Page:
This site is for mothers of kids in the U.S. Navy and for Moms who have questions about Navy life for their kids.



Choose your Username.  For the privacy and safety of you and/or your sailor, NO LAST NAMES ARE ALLOWED, even if your last name differs from that of your sailor (please make sure your URL address does not include your last name either).  Also, please do not include your email address in your user name. Go to "Settings" above to set your Username.  While there, complete your Profile so you can post and share photos and videos of your Sailor and share stories with other moms!

Make sure to read our Community Guidelines and this Navy Operations Security (OPSEC) checklist - loose lips sink ships!

Join groups!  Browse for groups for your PIR date, your sailor's occupational specialty, "A" school, assigned ship, homeport city, your own city or state, and a myriad of other interests. Jump in and introduce yourself!  Start making friends that can last a lifetime.

Link to Navy Speak - Navy Terms & Acronyms: Navy Speak

All Hands Magazine's full length documentary "Making a Sailor": This video follows four recruits through Boot Camp in the spring of 2018 who were assigned to DIV 229, an integrated division, which had PIR on 05/25/2018. 

Boot Camp: Making a Sailor (Full Length Documentary - 2018)

Boot Camp: Behind the Scenes at RTC

...and visit - America's Navy and also Navy Live - The Official Blog of the Navy to learn more.

OPSEC - Navy Operations Security

Always keep Navy Operations Security in mind.  In the Navy, it's essential to remember that "loose lips sink ships."  OPSEC is everyone's responsibility. 

DON'T post critical information including future destinations or ports of call; future operations, exercises or missions; deployment or homecoming dates.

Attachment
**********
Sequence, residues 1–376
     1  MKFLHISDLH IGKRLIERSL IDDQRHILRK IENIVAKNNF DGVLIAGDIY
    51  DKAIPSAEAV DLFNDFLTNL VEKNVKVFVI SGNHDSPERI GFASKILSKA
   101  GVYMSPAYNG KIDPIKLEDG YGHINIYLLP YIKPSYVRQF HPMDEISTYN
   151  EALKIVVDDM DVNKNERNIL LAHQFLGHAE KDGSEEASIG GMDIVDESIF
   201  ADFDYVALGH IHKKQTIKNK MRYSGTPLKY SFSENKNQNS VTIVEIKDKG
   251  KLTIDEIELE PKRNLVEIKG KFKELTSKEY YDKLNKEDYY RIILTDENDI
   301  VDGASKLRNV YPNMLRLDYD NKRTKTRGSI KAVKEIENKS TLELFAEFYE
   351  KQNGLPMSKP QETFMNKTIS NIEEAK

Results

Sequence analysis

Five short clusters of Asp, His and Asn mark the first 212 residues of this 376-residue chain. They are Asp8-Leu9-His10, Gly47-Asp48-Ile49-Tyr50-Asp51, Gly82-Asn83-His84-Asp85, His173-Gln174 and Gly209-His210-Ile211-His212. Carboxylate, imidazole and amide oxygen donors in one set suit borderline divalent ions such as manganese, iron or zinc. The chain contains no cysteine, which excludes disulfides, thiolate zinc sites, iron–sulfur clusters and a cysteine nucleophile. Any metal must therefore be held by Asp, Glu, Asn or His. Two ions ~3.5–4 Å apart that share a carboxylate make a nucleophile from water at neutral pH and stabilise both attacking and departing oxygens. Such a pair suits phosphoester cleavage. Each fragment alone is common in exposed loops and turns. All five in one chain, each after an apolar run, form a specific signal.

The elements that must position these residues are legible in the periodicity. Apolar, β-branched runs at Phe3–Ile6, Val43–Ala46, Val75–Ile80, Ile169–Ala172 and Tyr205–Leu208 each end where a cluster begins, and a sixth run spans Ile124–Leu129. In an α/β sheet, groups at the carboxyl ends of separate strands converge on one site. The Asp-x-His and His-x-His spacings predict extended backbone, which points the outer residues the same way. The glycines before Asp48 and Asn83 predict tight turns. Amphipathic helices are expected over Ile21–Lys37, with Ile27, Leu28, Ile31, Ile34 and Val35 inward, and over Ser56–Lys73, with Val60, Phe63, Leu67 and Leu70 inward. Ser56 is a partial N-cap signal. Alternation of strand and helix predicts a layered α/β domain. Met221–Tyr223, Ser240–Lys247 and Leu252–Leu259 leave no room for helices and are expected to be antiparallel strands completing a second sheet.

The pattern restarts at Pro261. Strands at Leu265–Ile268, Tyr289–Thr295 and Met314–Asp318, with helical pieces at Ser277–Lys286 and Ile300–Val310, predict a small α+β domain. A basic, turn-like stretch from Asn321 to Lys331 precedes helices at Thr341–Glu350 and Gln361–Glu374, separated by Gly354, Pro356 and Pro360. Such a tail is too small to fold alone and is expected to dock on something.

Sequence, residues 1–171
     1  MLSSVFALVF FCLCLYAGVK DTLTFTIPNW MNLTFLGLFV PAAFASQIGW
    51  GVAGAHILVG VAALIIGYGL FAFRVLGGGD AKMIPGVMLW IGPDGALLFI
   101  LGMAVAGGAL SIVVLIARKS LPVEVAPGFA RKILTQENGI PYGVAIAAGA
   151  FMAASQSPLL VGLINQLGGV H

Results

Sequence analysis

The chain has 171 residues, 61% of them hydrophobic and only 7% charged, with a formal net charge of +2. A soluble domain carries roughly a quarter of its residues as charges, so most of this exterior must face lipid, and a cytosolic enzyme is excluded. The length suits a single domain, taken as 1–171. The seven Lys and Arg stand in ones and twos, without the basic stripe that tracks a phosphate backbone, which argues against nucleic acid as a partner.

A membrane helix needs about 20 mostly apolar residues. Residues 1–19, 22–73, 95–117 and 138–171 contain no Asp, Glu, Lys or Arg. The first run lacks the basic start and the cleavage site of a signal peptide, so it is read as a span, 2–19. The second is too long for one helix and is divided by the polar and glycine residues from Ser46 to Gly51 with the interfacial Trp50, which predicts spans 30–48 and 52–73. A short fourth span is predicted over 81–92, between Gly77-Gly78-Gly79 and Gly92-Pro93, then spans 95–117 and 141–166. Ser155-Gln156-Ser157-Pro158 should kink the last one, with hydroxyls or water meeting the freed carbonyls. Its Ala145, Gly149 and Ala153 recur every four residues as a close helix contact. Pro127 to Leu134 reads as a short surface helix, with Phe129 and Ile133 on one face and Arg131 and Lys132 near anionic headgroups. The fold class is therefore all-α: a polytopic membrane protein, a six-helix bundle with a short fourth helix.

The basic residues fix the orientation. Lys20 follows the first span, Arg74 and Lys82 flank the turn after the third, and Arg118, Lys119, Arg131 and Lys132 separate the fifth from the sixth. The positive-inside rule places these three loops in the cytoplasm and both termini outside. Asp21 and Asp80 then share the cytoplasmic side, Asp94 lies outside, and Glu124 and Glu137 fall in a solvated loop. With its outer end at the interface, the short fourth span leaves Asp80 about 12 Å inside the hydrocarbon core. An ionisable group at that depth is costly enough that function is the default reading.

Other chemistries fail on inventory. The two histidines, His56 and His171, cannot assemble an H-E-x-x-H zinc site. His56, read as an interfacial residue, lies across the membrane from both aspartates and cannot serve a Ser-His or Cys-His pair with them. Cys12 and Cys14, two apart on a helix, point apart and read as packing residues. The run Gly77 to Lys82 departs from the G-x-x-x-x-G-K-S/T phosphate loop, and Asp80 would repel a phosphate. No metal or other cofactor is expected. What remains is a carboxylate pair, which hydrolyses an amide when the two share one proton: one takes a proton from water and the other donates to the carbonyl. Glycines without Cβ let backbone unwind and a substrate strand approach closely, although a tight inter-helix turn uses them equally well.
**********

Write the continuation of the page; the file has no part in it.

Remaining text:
DO be smart, use your head, always think OPSEC when using texts, email, phone, and social media, and watch this video: "Importance of Navy OPSEC."

Follow this link for OPSEC Guidelines:



**UPDATE 4/26/2022** Effective with the May 6, 2022 PIR 4 guests will be allowed.  Still must be fully vaccinated to attend.

**UPDATE 7/29/2021** You now must be fully vaccinated in order to attend PIR:

In light of observed changes and impact of the Coronavirus Delta Variant and out of an abundance of caution for our recruits, Sailors, staff, and guests, Recruit Training Command is restricting Pass-in-Review (recruit graduation) to ONLY fully immunized guests (14-days post final COVID vaccination dose).  

Specific information on this policy change will be provided in the coming days and weeks.

We sincerely apologize for any inconvenience and appreciate your support.


RTC Graduation

**UPDATE 6/23/2022 - MASK MANDATE IS LIFTED -  Vaccinations still required


Please note! Changes to this guide happened in October 2017. Tickets are now issued for all guests, and all guests must have a ticket to enter base. A separate parking pass is no longer needed to drive on to base for parking.

Please see changes to attending PIR in the PAGES column. The PAGES are located under the member icons on the right side.

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Navy Speak

Click here to learn common Navy terms and acronyms!  (Hint:  When you can speak an entire sentence using only acronyms and one verb, you're truly a Navy mom.)

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Visite esta página para explorar en su idioma las oportunidades de educación y carreras para sus hijos en el Navy.



First of all let me say, I am empty nesting something awful.  My son left on May 19th and arrived at GL on the 20th.  For days and weeks prior I was a wreck!  I mean a wreck and for at least a week after he left I was also a wreck.  But as time has gone by my anxiety has dissipated and my grief seems to be subsiding.  

But here is what I really wanted to say.  I thank God that at this moment he is safe and that I am not sending him away during a draft.  I've been watching some D-Day documentaries on TV today.  And I cannot even imagine the fear and anxiety that those families had to go through.  Also thinking about families that sent their young men off to Vietnam.  Most didn't come back.  Can you imagine the grief and fear of sending your child off knowing that they would most likely not come back.  

I thank those families for their sacrifices.  Without them we would most likely not be here connecting on this site in a free country.  I thank God for keeping my son in his care.  I'm grieving and that is real, but in comparison, well, it just doesn't compare.